More generally, the DMA ‘gives the European Commission significant powers, similar to those under competition law’ as explained by Tara Kelly, Colin Monaghan, and Domhnall Breatnach for Mason Hayes & Curran LLP. For example, the Commission now has the power to open investigations, issue requests for information, interview individuals, carry out ‘dawn raids,’ and impose fines of up to 10%, or 20%, of worldwide turnover. The law also states that repeated infringements may result in structural breakups, although this is likely to be a last resort.

How do gatekeepers comply with the law?

The compliance function for the DMA is defined in Article 28, paragraph 1 as a function “which is independent of the operational functions of the gatekeeper and composed of one or more compliance officers, including the head of the compliance function.” Compliance officers are tasked with monitoring and advising on measures taken to comply with the DMA. There are also two transparency documents gatekeepers must now submit to the Commission, in addition to implementing an abundance of product changes to core platform services.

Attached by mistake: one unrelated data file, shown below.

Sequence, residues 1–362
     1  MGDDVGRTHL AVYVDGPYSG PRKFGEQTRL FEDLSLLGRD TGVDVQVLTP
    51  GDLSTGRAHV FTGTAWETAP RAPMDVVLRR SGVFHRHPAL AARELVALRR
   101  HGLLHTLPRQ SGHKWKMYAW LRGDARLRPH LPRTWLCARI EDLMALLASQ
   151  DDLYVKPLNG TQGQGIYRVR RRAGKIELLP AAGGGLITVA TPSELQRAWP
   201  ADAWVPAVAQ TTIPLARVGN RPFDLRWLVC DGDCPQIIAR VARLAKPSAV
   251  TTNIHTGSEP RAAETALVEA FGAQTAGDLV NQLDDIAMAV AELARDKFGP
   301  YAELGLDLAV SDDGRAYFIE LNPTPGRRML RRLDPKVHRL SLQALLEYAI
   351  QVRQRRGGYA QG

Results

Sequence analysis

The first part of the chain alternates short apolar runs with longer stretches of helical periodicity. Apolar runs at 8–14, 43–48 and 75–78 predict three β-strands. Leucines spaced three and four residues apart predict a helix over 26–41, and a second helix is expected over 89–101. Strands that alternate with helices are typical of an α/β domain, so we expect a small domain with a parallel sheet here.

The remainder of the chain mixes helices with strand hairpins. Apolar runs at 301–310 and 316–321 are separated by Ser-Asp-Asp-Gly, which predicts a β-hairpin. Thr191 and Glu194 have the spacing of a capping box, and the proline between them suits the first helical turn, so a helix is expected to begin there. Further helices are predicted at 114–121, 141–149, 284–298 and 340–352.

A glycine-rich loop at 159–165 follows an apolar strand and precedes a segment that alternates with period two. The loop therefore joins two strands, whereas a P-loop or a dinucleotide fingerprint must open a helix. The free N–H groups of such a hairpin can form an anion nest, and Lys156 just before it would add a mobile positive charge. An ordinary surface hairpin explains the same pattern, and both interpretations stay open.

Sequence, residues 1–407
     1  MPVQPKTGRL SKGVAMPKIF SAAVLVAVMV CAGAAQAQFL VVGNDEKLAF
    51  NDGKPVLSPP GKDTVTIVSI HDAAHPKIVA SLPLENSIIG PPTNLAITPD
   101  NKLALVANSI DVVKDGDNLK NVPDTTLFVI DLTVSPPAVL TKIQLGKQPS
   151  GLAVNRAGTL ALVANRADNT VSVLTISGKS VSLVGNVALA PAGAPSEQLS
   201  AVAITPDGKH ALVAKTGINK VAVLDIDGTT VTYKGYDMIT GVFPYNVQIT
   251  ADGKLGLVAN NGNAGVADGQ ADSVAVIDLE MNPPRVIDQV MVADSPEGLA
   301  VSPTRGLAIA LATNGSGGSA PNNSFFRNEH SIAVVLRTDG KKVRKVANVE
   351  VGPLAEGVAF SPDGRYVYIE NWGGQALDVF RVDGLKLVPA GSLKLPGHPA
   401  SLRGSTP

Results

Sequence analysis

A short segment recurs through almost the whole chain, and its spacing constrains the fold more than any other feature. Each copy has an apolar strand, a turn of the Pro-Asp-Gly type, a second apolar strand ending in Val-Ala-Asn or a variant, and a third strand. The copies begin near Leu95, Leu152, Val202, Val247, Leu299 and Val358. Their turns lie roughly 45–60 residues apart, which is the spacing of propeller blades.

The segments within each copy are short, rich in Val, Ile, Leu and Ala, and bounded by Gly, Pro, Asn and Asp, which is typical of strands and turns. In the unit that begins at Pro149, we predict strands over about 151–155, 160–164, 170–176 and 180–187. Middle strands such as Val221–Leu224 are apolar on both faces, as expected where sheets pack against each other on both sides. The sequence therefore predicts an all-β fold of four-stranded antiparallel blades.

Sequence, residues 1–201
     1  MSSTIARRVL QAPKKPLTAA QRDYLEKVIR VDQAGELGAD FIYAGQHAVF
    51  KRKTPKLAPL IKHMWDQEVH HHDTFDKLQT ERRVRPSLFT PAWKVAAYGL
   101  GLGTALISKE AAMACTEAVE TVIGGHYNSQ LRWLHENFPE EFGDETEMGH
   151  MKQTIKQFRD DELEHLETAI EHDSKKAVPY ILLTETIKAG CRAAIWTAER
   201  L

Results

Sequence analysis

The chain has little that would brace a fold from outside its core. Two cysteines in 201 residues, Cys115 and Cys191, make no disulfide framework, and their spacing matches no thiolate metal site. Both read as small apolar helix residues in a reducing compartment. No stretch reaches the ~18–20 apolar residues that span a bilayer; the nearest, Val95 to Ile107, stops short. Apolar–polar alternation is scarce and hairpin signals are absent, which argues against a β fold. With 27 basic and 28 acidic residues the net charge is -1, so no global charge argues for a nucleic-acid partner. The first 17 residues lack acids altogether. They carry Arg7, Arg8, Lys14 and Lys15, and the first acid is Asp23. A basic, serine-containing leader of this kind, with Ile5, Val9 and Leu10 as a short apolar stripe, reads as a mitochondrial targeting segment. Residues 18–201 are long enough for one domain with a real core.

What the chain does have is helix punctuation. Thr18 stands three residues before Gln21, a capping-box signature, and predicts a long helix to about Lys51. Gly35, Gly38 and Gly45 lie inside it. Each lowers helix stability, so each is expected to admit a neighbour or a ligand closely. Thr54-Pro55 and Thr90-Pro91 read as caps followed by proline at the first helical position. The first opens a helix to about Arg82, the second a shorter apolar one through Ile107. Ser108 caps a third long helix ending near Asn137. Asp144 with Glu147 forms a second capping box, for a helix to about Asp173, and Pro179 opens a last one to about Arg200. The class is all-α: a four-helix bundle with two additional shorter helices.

Reports on compliance

As of March 7, 2024, Article 11 of the DMA states gatekeepers are required to submit a report to the Commission describing “in a detailed and transparent manner the measures it has implemented to ensure compliance with the obligations laid down in Articles 5, 6 and 7.” Equally, in paragraph 2 of Article 11, gatekeepers must “publish and provide the Commission with a non-confidential summary of that report” with required annual updates and mandates the Commission make a non-confidential summary available on its website. Kelly, Monaghan, and Breatnach expect that going forward, “this transparency requirement is likely to facilitate third parties in making submissions to the European Commission and/or bringing legal action in the courts where they perceive a breach of the DMA has occurred.”